In a further embodiment of the present invention, the selectivity of photodynamic activation is improved though use of conventional imaging methods to identify diseased tissue targets. For example, x-ray based imaging, such as Computerized Axial Tomography (CAT scan), fluorography or other related procedures, or Magnetic Resonance Imaging (MRI) is used to detect the location of diseased tissue. Such imaging works by detecting abnormalities in the distribution or properties of tissue components (such as density), the presence or absence of certain materials, or the uptake or exclusion of imaging contrast agents. Such diseased tissue is then used as the target for selective optical activation of photodynamic agent administered to the patient, thereby selectively destroying such diseased tissue.
The inventors of the present invention have discovered that certain PDT agents, and more specifically the halogenated xanthenes, are not substantially photodynamically activated nor destroyed by exposure to the energies commonly used for x-ray or MRI imaging. Accordingly, these agents are safe to administer prior to such diagnostic procedures. Hence, the PDT agent may be administered to the patient prior to diagnosis (thereby potentially reducing delay between diagnosis and treatment) or following diagnosis (thereby reducing unnecessary administration of agent in cases where no disease is detected).
Therefore, a preferred embodiment of the present invention comprises the steps of x-ray or MRI imaging via conventional means to detect the presence of diseased tissue; administering a PDT agent, preferably a halogenated xanthene, prior to or upon detection of such diseased tissue, and directing light, appropriate for SPE or preferably TPE activation methods, as discussed infra, upon or to such detected diseased tissue sufficient to activate the PDT agent and thereby selectively destroy substantially only such diseased tissue.
In a further embodiment of the present invention, the efficacy of the detection or imaging step in the preceding embodiment is further improved through the use of an imaging contrast agent. In particular, the PDT agent, and more specifically, a halogenated xanthene, is mixed with an imaging contrast agent, such as for example, x-ray contrast agents like Omnipaque™ (Iohexol) and Omniscan™ (Gadodiamide) or one of the various paramagnetic MRI contrast agents like gadolinium DPTA (Gd-DPTA). For example, Rose Bengal is compatible in solution with agents such as Omnipaque™, Omniscan™, and Gd-DPTA, and exhibits similar biotargetting properties. The mixture is then administered to the patient. Following administration of such a mixture of contrast agent and PDT agent, conventional imaging (such as, for example CAT scan or MRI) is used to locate diseased tissue based on response of the conventional contrast agent, then the PDT agent, co-located in the diseased tissue, would be activated at the site of the detected diseased tissue using SPE or more preferably TPE to destroy such diseased tissue.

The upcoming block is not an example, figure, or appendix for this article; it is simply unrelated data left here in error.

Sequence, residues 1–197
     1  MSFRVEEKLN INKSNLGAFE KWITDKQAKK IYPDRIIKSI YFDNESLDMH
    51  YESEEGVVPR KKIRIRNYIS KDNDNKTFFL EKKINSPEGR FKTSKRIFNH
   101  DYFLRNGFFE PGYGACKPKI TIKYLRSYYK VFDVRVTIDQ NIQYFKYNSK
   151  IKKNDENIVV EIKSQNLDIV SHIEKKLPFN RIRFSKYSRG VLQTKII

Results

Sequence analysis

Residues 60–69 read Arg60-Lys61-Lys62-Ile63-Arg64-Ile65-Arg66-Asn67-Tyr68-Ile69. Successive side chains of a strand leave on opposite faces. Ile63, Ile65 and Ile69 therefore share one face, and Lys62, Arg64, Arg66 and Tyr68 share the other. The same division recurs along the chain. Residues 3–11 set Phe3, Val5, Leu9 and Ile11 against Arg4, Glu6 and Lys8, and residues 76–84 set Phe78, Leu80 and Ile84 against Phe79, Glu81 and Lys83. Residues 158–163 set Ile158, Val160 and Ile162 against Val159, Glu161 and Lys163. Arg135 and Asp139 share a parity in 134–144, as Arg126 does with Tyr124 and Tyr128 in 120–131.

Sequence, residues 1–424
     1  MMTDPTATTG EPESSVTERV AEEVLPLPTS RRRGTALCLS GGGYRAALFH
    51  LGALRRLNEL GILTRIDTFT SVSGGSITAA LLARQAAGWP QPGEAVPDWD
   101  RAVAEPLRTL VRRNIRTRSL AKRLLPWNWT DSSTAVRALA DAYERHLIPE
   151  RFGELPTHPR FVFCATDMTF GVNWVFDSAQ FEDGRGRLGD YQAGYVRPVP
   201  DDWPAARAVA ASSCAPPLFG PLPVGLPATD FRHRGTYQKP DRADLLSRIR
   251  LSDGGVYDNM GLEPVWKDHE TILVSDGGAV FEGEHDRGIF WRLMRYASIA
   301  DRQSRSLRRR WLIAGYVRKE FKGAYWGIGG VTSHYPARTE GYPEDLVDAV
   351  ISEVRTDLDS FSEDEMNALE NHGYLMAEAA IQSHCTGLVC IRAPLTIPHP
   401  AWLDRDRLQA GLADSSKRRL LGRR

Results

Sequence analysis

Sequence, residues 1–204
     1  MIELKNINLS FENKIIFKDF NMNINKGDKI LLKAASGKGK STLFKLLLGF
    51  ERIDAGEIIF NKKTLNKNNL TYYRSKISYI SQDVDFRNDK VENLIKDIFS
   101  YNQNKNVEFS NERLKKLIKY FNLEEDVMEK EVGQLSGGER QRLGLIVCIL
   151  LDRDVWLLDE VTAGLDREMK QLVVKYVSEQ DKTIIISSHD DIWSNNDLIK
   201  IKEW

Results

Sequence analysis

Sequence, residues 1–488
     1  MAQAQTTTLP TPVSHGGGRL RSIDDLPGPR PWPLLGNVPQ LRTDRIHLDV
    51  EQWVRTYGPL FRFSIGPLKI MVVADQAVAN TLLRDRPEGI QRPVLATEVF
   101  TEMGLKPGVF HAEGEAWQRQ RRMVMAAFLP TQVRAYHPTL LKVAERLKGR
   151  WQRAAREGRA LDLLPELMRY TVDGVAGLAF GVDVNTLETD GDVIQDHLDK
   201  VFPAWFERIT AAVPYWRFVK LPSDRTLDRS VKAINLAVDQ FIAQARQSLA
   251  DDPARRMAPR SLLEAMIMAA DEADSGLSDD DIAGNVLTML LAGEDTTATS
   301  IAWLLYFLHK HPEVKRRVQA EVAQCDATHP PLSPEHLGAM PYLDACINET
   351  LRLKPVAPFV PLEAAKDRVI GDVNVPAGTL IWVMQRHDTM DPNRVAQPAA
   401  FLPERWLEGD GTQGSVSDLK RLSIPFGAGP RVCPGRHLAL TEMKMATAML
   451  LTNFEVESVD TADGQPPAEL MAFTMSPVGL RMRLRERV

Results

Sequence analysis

The inventors have shown that Rose Bengal is capable of selective photodynamic activation in a liver model, following administration of the agent in solution. Such a model is also known to accumulate conventional x-ray and MRI contrast agents. Thus, the inventors have shown that it is feasible to deliver conventional imaging contrast agents and PDT agents to target tissues, and that such agents will retain their respective activities in the target tissues, allowing combined detection and treatment of diseased tissue at locations indicated by imaging based on detected imaging contrast agents. Hence, one preferred embodiment of the present invention is to jointly administer, either sequentially (for example via injections or intravenous drip) or more preferably as a single, mixed solution, one or more x-ray or MRI contrast agent with one or more PDT agent, preferably an halogenated xanthene agent, and subsequently to direct activation of the one or more PDT agent based on imaging data obtained utilizing the one or more contrast agent.